With a 6dB/octave filter, I suggest an absolute minimum of about 1.5 octaves between the driver resonance and crossover frequency. A tweeter with a 900Hz resonance should therefore be crossed over at a minimum of 2,500Hz, but preferably higher. If you use the minimum possible frequency separation, there will be a small peak at tweeter resonance - this is a combination of the tweeter's resonance itself, and the fact that the crossover cannot maintain the correct rolloff if the load impedance changes.
Rod Elliott - 3.1.2 Midrange and Tweeter Drivers
Vifa BC25SC-06/04
fs=1390Hz, one and half octaves is 2780(1.octave)+1390 1/2 5560(2.octave) = 4170Hz
Octave bands | APMR
Crossover frequency is very low considering the resonant frequency of the tweeter. Look at the use of the Fostex by others like Troels.
Fostex FE126E +
If the Fostex is 8ohm why you are using a 4ohm tweeter.
It would help if you were using frd/zma's of the drivers in a simulator.
 
I'd try to not use an electrolytic.
If you must, then be sure to bypass it with the largest value film cap you can muster - the total value being what you need/want.

Finally, you have to listen and measure... on paper it might be wonderful, but until you listen and look at the resulting curve there is no real way to know what you actually are getting.

_-_-
 
Troels does a rather good job equalising the Fostex. Why reinvent the wheel?

I don't trust the Fostex driver with frequencies that high (he also uses tweeters that are £66 a pop).

The crossover for the tweeter is low, yes, but the thermal power handling test that Vifa put on the datasheet indicates a 1.3kHz 2nd order filter, and the driver will stand 25w doing that (which is more than enough). Zaph's measurements show low distortion to 2kHz, with a bit of a rise below that. I really don't see much of a problem, so long as the tweeter resonance is suitably suppressed.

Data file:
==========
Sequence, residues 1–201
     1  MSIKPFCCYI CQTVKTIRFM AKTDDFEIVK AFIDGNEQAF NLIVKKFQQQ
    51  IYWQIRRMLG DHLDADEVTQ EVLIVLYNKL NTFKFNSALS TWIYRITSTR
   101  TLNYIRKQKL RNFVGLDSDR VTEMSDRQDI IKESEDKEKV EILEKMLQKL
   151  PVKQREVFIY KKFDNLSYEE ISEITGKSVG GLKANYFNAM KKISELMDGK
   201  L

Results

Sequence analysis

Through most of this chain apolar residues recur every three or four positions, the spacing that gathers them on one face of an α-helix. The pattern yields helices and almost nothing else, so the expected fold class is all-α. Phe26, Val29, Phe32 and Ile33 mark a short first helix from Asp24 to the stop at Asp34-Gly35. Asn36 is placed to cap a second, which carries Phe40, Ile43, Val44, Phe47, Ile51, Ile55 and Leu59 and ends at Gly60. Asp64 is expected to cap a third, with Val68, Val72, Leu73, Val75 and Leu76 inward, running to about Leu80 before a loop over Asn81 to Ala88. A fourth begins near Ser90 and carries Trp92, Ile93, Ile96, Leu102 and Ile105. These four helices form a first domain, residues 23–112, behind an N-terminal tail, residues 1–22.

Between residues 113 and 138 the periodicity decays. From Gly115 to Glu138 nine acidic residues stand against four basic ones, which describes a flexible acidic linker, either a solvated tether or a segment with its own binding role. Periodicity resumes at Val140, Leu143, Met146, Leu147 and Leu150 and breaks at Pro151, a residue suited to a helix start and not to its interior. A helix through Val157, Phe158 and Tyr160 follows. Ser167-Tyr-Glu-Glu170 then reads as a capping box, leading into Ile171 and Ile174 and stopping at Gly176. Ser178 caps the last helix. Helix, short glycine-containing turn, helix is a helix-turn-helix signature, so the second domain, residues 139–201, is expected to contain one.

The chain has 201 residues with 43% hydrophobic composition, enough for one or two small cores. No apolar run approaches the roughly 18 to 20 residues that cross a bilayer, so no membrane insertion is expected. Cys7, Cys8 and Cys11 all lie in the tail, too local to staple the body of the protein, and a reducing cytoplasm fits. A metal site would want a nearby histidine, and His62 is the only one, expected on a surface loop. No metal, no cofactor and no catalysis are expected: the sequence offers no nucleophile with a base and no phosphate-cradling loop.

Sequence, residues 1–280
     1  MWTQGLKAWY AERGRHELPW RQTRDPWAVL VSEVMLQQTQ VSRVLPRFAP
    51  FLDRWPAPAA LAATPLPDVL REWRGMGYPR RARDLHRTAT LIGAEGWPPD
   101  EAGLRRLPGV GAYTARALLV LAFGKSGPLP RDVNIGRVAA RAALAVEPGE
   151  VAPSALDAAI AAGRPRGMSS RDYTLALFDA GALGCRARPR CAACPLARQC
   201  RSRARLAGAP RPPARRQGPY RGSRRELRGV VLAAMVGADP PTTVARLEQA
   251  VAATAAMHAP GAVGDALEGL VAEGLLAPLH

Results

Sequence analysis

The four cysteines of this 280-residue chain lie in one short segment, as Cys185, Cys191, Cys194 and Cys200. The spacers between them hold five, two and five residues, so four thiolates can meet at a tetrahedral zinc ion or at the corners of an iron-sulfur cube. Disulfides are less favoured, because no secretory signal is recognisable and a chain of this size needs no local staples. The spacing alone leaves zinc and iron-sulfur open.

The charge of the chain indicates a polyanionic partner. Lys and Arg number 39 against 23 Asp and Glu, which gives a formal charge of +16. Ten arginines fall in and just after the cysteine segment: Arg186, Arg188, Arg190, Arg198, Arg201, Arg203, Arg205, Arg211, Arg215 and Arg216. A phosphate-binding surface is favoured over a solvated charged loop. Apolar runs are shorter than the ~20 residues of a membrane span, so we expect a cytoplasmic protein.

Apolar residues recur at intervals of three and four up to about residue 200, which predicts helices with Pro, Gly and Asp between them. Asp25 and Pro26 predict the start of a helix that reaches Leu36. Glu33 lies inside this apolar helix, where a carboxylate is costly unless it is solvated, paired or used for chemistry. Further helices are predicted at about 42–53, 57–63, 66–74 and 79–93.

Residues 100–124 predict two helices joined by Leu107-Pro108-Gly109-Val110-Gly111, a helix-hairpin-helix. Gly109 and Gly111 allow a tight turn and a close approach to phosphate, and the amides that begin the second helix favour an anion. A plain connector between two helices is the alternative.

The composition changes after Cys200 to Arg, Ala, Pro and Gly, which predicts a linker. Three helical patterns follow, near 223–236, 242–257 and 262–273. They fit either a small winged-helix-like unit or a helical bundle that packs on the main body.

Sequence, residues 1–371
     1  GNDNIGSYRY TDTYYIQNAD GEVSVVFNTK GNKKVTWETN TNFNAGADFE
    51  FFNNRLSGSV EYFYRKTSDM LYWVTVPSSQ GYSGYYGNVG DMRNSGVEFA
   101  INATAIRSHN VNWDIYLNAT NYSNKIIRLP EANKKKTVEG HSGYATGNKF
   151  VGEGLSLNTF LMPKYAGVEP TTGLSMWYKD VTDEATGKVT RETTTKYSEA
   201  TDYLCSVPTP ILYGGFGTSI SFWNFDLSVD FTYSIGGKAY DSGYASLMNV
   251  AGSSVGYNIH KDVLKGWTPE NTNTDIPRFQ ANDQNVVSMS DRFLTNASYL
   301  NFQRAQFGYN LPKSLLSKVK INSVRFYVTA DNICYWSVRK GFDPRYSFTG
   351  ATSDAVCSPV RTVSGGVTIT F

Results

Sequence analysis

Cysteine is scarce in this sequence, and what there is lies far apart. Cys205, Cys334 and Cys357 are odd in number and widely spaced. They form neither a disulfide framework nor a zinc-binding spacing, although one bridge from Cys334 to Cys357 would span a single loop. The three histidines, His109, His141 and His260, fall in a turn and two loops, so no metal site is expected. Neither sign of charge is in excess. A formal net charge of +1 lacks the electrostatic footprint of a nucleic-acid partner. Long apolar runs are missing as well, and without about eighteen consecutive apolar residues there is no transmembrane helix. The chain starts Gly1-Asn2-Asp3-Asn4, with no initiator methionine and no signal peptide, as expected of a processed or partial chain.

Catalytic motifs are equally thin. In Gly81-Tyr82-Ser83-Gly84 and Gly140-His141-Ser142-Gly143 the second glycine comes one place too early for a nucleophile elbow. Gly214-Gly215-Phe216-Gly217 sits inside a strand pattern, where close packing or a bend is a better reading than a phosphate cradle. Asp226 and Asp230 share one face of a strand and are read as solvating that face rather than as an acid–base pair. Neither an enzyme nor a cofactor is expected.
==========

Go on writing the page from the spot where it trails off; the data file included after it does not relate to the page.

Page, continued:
Which resistor value should I use instead of 2R8?

Inductor,
Note that the article states a 1.5 octave rule for 1st order filters. I'm going 2nd order.

I see no problem with using a 4ohm tweeter - the amplifier will play into 4ohm happily.
I have, however, eliminated the parallel resistor of the L-pad, and re-done the crossover values for a 3.8ohm load. The parallel resistor was only going to waste power by pulling more current through the rest of the components.


I suppose I could try a 2.5kHz filter, but I'd definitely like to keep below 3kHz.

Thanks for the help so far

Chris
 
Have you ever tried Passive Crossover Designer? It's not too difficult to learn, and can be quite helpful. Hopefully you have measurement tools, but if not you can use SPL tracer to get the measurement files from published measurements. SPL tracer isn't perfect, and you won't have any phase information. It's still a good learning experience, and can help you get a start...

I've downloaded it, but there's a problem: my laptop came bundled with MS Office Starter. The Excel program included doesn't allow the use of macros, so I can't run the spreadsheet.

The SPL tracer link doesn't go to anything audio-related.

I also have no measurement tools. I have a 31-band graphic eq that I'm using to tame some room issues, but I'm reliant on my ears for this one.

One day I'll get myself some measurement equipment, but I'm on a student budget so the measurement stuff will probably have to wait for a while.

Chris
 
Inductor,
Note that the article states a 1.5 octave rule for 1st order filters. I'm going 2nd order.
Don't take that to the letter.
Sorry to say, but your design approach doesn't look appropriate. I would be losing my time here.
If you are not using a xover simulator or a Spice software you have no idea of what you are doing. Impedance peaks can be very tricky. You want to stay away from those resonance frequencies at the crossover band. A RLC would be a last resource to fix a good (bad) design, not a design feature to start width i.e. handicap. ;)
 
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Joined 2005

probably get the good scores because its cheap, which makes it a contender in the 'value group'

doesnt't really mean its good
only that it may have 'potential' for the very low cost designs
which happens to be one of his 'domains'
and I suppose Zaph could make it work ok, with a lot of work and care

but without skills/experience/measurements .... :eek: